Some people started following me and exchanging Tweets with me because I tweeted about NoSQL, big data, open data, open government, data modeling, normalization, databases, SQL Server, DB2, database design, data architecture, the Zachman Framework, or other data-centric topics. And then there are those who followed me because I shared information about Space Shuttle Endeavour, STS-134, Atlantis, STS-135, Juno, Ariane rockets and my attendance at various NASATweetups and SpaceTweetups. Others decided to follow me because I shared information about Technical Barbies, specifically @venusbarbie and @data_model. These girls travel with me as I attend events and meet interesting people. Others followed me as I covered live events about Toronto’s government failing local citizens. Some people have followed me because I’ve worked with them in the past, attended school with them, or met them at a family event. The point is that people follow others because they are interested in what the other person is sharing at some point in time.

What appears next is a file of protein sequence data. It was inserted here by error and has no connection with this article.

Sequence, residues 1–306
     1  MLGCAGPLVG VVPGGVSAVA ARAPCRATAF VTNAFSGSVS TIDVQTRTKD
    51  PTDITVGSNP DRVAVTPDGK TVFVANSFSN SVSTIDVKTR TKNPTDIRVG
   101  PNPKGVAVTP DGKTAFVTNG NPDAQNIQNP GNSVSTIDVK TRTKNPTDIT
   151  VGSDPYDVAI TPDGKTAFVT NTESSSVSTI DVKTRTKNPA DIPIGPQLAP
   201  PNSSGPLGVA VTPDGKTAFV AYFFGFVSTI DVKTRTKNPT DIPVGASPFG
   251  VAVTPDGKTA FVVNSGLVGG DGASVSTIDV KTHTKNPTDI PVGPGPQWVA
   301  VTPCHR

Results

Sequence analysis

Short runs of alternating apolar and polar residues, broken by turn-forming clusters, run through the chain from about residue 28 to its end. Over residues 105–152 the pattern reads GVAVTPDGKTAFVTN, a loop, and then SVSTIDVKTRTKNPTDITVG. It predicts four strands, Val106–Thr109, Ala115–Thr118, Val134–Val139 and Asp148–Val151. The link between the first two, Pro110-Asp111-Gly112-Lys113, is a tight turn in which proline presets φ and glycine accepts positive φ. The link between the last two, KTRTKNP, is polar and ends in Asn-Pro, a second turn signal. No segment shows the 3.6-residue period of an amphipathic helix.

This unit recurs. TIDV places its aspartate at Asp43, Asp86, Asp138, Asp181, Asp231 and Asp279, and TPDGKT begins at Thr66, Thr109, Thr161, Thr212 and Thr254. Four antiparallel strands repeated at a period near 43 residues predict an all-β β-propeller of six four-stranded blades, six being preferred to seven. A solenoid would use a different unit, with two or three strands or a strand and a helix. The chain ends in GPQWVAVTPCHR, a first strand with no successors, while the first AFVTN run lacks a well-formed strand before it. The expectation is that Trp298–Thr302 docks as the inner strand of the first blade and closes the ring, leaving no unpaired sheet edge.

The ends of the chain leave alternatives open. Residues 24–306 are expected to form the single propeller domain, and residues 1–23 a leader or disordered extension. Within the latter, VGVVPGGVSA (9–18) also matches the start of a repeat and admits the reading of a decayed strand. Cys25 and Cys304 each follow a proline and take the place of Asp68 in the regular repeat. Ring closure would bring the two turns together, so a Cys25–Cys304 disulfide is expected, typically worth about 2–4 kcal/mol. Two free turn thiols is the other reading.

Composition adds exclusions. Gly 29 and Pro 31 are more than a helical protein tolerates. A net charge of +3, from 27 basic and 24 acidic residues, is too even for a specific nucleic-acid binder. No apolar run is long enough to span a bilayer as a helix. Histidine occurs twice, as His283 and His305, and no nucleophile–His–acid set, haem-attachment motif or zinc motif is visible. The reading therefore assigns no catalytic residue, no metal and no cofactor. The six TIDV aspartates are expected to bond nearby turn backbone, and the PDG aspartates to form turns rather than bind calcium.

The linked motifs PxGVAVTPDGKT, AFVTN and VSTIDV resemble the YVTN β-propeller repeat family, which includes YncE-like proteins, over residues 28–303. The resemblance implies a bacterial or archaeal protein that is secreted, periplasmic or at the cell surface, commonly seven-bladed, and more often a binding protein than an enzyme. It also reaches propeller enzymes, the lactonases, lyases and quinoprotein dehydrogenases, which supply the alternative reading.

Some Twitter users create many accounts and tweet only about a single subject from those accounts. They mainly broadcast information from those accounts and rarely converse with others. Think of these accounts specialized Twitter accounts. To a degree, the Technical Barbie accounts are like that. But that’s not how I use Twitter. I use Twitter to build relationships with people, to share interesting things that I come across in my travels, and to share links to stories about things I think others would be interested in. If I Tweeted only in only about one topic, I’d meet fewer interesting people and I’d discover fewer connections to a variety of people.